throughout as the slower rate at the lower temperature is easier to measure. Uptake and efflux experiments were performed essentially according to our previous reports [3, 19]. Briefly, for the uptake experiments, cells were incubated at predetermined temperatures for 15 rain before an addition of radiolabelled substrate. Samples of cell suspensions were taken at appropriate times and cells and medium were separated by a rapid centrifugation technique . For efflux experiments, cells were preloaded with galactose for 5 min before being diluted into a substrate-free medium and cell suspensions were sampled as described above. Initial rates of uptake were calculated over the period where uptake was linear with time ( 1 5 ~ 5 s e c for taurocholate, 1-5min for ouabain and 15-30sec for galactose). Activation energies for transport of taurocholate and ouabain were calculated from the Arrhenius plot of the natural log of initial velocity of substrate uptake (10/tM taurocholate and 125/~M ouabain) versus 1/temperature in degrees Kelvin (between 26-37°C). Values are the product of the slope of the plot and the gas constant. In counter transport experiments, hepatocyte suspensions of 1,4 × 106 cells/mL were preloaded at 37° with [14C]taurocholate for 15 min before addition of unlabelled taurocholate, CsA or taurocholate plus CsA to the final concentration of 100/~M for each agent. Normal saline (100/tL) and dimethylsulfoxide (10/~L) were vehicle controls for unlabelled taurocholate and CsA, respectively. Samples were taken, cells and medium separated and then assayed for radioactivity. The data were analysed for statistical significance by an analysis of variance with post hoc Duncan's test. The level of significance chosen was P < 0.05.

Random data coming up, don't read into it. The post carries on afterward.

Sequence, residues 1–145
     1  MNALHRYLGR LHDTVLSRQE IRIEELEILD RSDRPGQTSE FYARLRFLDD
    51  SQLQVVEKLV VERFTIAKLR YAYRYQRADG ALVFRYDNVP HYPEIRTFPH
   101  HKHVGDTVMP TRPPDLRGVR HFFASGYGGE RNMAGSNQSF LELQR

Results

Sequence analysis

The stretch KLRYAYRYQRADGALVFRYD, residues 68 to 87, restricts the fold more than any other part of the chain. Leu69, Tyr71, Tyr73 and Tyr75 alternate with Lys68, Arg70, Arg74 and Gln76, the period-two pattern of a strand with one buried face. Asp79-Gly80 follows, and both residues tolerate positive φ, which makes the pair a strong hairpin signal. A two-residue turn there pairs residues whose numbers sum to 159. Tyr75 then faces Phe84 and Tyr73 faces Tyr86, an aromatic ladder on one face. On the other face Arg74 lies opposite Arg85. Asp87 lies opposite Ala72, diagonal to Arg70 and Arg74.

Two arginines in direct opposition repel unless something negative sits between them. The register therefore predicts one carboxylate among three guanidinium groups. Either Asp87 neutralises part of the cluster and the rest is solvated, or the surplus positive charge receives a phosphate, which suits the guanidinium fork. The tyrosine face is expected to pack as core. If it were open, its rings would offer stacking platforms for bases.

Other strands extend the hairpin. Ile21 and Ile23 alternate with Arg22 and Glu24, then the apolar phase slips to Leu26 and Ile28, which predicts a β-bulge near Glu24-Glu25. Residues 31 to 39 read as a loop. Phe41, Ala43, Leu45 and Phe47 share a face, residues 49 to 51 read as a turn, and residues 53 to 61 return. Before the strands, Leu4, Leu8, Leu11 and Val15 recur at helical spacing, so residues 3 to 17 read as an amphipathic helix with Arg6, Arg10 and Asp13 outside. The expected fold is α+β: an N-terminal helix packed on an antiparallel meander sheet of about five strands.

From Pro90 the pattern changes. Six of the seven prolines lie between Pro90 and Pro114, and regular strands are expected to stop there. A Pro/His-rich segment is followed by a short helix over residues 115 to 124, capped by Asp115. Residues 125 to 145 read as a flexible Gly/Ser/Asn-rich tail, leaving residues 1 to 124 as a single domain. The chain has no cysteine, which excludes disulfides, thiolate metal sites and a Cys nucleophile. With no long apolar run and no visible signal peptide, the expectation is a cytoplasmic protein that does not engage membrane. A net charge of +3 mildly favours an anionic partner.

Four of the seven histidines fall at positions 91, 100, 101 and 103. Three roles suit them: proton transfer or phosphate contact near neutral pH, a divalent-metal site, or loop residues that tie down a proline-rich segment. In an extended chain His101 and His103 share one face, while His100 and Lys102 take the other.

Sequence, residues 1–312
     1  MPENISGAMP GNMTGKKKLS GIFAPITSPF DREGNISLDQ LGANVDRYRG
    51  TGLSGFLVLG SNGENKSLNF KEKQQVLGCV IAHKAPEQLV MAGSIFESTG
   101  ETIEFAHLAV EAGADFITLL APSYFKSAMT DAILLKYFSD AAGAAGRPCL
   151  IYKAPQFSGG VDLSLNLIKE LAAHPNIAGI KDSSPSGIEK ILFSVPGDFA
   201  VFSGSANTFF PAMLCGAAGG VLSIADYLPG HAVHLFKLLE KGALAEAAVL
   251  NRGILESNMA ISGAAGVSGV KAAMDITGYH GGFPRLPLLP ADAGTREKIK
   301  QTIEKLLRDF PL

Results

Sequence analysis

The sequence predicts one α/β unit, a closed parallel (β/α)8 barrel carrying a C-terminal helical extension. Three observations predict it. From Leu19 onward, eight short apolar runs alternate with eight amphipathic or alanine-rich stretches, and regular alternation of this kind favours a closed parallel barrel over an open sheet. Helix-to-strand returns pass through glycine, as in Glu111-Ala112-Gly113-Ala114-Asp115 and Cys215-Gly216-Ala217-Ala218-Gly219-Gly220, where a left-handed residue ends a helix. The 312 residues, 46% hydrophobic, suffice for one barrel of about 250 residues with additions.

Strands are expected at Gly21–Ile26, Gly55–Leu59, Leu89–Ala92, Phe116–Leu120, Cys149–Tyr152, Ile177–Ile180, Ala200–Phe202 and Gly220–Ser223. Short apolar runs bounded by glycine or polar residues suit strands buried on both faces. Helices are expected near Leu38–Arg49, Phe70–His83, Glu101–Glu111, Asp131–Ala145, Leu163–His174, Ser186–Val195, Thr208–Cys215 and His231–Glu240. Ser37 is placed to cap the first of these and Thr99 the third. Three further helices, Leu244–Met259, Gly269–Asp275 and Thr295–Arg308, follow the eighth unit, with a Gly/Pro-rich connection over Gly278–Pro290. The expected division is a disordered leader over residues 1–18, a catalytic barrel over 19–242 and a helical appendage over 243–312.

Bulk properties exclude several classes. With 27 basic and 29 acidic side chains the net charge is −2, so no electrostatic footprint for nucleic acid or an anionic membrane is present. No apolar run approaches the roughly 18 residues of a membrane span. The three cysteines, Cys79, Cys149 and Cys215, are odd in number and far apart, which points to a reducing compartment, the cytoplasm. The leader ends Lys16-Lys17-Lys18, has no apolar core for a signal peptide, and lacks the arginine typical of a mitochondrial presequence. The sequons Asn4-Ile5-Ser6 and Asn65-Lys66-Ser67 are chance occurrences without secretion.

Results Uptake of galactose is extremely rapid and not significantly changed by the presence of CsA (Table 1). Efflux from the preloaded cells was also unaffected by CsA at any time up to 60 sec (Table 1). Counter transport in cells preloaded with [14C]taurocholate was observed in the presence of unlabelled taurocholate, as expected. CsA did
Table 1. Effect of CsA on uptake and efflux of galactose CsA (#M) Control
Uptake (nmol/mg protein) 15sec 100-+8 107---2 30 sec 123 -+ 6 125 -- 5 45 see 131-+13 131±10 Efflux (nmol/mg protein) 15sec 1 8 . 3 ± 2 . 9 2 0 . 7 ± 3 . 8 30sec 14.0-+2.6 1 6 . 0 ± 3 . 0 45 see 13.7-+ 2.0 14.3 ± 2.7 60sec 11.0-+1.5 1 2 . 0 ± 1 . 5
115--7 132 ± 3 141±4
124±8 139 -+ 14 157-+19
19.3-+2.9 20.0-+3.8 1 6 . 0 ± 2 . 6 17.0-+3.2 15.0-+ 2.3 15.0-+2.3 12.0-+2.1 13.3-+1.8
Each value is mean -+ SE of three experiments.
Short communications 0--0 0--0 z~--~ &--& r-l--n
Control (DMSO) Control (NSS) c=A (loo #M) Taurocholote (100/~1) ClIA+ tourocholote
Activotion energy for transport of tourocholote A
Fig. 1. Counter transport of taurocholate. Freshly isolated hepatocytes were incubated with 10 #M [~4C]taurocholate for 15 min before addition of unlabelled substrates or normal saline (NSS) or dimethyl sulphoxide (DMSO) as vehicle control (indicated by an arrow).
20 30 Taurocholote (p,M)
Activation energy for transport of ouoboin A
not produce counter transport of taurocholate but did inhibit the response invoked by unlabeiled bile acid (Fig. 1). Activation energy for transport of [~4C]taurocholate in the presence of CsA or unlabelled taurocholate was unchanged (Fig. 2a), whilst that of ouabain was decreased in response to CsA (Fig. 2b).